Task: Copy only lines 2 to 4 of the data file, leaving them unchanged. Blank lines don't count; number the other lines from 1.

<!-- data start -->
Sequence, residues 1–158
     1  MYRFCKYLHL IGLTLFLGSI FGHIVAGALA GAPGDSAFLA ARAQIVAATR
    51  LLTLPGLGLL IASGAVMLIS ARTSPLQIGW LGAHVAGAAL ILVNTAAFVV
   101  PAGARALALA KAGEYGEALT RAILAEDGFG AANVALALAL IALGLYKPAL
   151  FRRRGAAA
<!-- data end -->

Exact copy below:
     1  MYRFCKYLHL IGLTLFLGSI FGHIVAGALA GAPGDSAFLA ARAQIVAATR
    51  LLTLPGLGLL IASGAVMLIS ARTSPLQIGW LGAHVAGAAL ILVNTAAFVV
   101  PAGARALALA KAGEYGEALT RAILAEDGFG AANVALALAL IALGLYKPAL